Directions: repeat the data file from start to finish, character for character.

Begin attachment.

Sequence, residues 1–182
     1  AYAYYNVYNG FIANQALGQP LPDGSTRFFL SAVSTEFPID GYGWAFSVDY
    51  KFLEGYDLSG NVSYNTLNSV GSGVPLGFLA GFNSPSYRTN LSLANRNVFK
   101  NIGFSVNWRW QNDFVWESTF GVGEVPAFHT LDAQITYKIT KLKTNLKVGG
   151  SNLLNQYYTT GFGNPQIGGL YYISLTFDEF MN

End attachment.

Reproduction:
Sequence, residues 1–182
     1  AYAYYNVYNG FIANQALGQP LPDGSTRFFL SAVSTEFPID GYGWAFSVDY
    51  KFLEGYDLSG NVSYNTLNSV GSGVPLGFLA GFNSPSYRTN LSLANRNVFK
   101  NIGFSVNWRW QNDFVWESTF GVGEVPAFHT LDAQITYKIT KLKTNLKVGG
   151  SNLLNQYYTT GFGNPQIGGL YYISLTFDEF MN